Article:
Stabilized rates are not substituted for non-stabilized segment rates in performing any other calculations, such as determining lump sum benefit or other accelerated payments, PBGC variable rate premiums or the amount of surplus pension assets that may be used to fund retiree health accounts or life insurance under Code Section 420. Stabilized rates also are not used in determining the tax deductibility of plan contributions or the need for reporting under ERISA Section 4010 (which is required when the plan’s FTAP is less than 80%, missed contributions exceed $1 million or a minimum funding waiver in excess of $1 million granted to a member of the plan’s sponsor’s controlled group is outstanding in whole or part).
MAP-21 does not affect monthly yield curve interest rates (which plan sponsors may elect to use as an alternative to segment rates). As a result, liabilities calculated using the yield curve will, in the short term, almost certainly be higher than liabilities calculated using segment rates. To address this imbalance, MAP-21 provides that plan sponsors that have been using the full yield curve may elect to switch to segment rates before July 6, 2013 without obtaining IRS approval.
Annual Funding Notice Changes
Certain plans must include information about MAP-21’s impact on required contributions in their annual funding notices for the 2012-2014 plan years. If, with respect to the 2012, 2013 or 2014 plan years, a plan’s funding target using stabilized segment rates is less than 95% of the funding target using non-stabilized segment rates, the funding shortfall determined using non-stabilized segment rates is more than $500,000, and there were 50 or more participants in the plan on at least one day in the prior plan year (determined by aggregating all single employer defined benefit plans maintained by the same employer), the plan’s annual funding notice for the year must include the following additional information: (i) a statement that MAP-21 modified the method for determining the interest rates used to determine the actuarial value of benefits earned under the plan, providing for a 25-year average of interest rates in addition to a two-year average; (ii) a statement that as a result of MAP-21, the sponsor may contribute less money to the plan when interest rates are at historic lows; (iii) a table showing the FTAP, the funding shortfall and the minimum required contribution for the current and two preceding plan years, determined using stabilized and non-stabilized segment rates. (For plan years beginning before January 1, 2012, the amounts shown must be determined using non-stabilized segment rates.) MAP-21 directs the DOL to issue updated model annual funding notices to reflect these new content requirements.
PBGC Premium Requirements
MAP-21 increases PBGC premiums for both single and multiemployer plans. Flat-rate PBGC premiums for single employer plans will increase from the current $35 per participant to $42 in 2013 and $49 in 2014 (indexed for wage inflation thereafter). The premium rate for multiemployer plans will increase from the current $9 per participant to $11 in 2013.
Variable-rate premiums paid by underfunded plans, currently at $9 per $1000 of unfunded vested benefits, will be indexed for inflation beginning in 2013 and will increase by $4 in 2014 and by $5 in 2015. They will be capped, however, at $400 per participant (indexed for inflation) beginning in 2013.
Given that MAP-21 will lower defined benefit plan contribution requirements and thereby increase the risk of underfunded plan terminations, it is not surprising that the legislation also included PBGC premium increases for single employer plans - the premiums are meant to create a fund from which the PBGC can draw when it must take over an underfunded defined benefit plan. Oddly, however, the Congressional Budget Office analysis of the bill classified the premium increases as general revenue and did not account for increased costs associated with underfunded plan terminations.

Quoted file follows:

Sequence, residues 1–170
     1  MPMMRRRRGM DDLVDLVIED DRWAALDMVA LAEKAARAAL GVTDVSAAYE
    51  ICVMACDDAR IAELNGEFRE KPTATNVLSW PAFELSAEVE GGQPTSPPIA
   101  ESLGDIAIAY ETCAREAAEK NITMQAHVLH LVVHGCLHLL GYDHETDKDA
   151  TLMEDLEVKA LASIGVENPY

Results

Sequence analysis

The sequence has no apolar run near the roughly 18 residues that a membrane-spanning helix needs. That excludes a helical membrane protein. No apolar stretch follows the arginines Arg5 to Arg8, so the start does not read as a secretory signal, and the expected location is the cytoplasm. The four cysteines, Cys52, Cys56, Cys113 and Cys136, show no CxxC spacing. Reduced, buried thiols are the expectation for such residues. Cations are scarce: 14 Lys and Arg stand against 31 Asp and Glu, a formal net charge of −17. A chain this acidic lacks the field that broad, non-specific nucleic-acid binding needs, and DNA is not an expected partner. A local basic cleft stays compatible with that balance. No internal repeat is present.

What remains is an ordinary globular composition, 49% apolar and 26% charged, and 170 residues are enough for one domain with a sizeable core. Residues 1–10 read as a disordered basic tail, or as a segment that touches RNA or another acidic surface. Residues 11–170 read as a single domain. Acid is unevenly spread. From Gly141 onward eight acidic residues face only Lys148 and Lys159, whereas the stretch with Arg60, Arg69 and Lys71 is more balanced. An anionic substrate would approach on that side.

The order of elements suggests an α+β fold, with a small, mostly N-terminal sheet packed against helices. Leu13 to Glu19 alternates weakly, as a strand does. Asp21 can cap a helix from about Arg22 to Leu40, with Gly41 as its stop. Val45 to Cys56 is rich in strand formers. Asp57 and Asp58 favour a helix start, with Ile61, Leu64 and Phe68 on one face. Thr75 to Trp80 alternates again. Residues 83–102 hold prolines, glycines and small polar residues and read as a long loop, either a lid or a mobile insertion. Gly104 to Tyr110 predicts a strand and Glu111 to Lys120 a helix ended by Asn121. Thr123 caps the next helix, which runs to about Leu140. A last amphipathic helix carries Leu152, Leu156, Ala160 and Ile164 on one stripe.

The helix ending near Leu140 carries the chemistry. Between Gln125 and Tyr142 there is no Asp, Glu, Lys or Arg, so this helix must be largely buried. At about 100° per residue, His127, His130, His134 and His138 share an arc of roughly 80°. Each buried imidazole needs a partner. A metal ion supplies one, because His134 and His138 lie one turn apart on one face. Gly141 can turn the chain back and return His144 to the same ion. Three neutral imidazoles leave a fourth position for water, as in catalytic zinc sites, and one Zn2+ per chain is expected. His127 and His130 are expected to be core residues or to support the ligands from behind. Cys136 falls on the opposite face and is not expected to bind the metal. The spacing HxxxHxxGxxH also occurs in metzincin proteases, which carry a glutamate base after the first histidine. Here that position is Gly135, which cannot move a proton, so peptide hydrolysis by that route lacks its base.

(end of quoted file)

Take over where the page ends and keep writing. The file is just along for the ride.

PBGC Governance Changes
MAP-21 made a number of changes to the governance and powers of the PBGC. Among other reforms, MAP-21:
- Provides that, with certain exceptions protecting confidentiality, minutes of PBGC board meetings must be made public;
- Provides that the PBGC’s director and board must not participate in decisions in which they have a direct financial interest;
- Establishes risk management officer and participant and plan sponsor advocate positions and requires the participant and plan sponsor advocate to report to Congress annually;
- Requires the PBGC to obtain annual peer review of its insurance modeling systems; and
- Repeals the PBGC’s $100 million line of credit.
Transfers from Well-Funded Plans
MAP-21 extended the availability of Code Section 420 transfers, which allow plan sponsors to use surplus pension assets to fund retiree health accounts, through the end of 2021. (Under previous law, such transfers would not have been permitted after 2013.) The legislation also expanded Code Section 420 to allow transfers of surplus pension assets to fund retiree life insurance.
Though it provides welcome relief to plan sponsors struggling to fund their defined benefit plans, MAP-21 also complicates the funding process for all plan sponsors. Because the new rules are effective with respect to the 2012 plan year, plan sponsors must quickly decide whether and to what extent to switch to the new stabilized segment rates. Given that the stabilized segment rates are artificially low, plan sponsors that can afford to should consider whether to make contributions higher than the minimum required. To minimize the effect of PBGC premium increases, sponsors also may wish to offer cash-outs to terminated vested or retired participants and to increase the mandatory distribution threshold to $5000.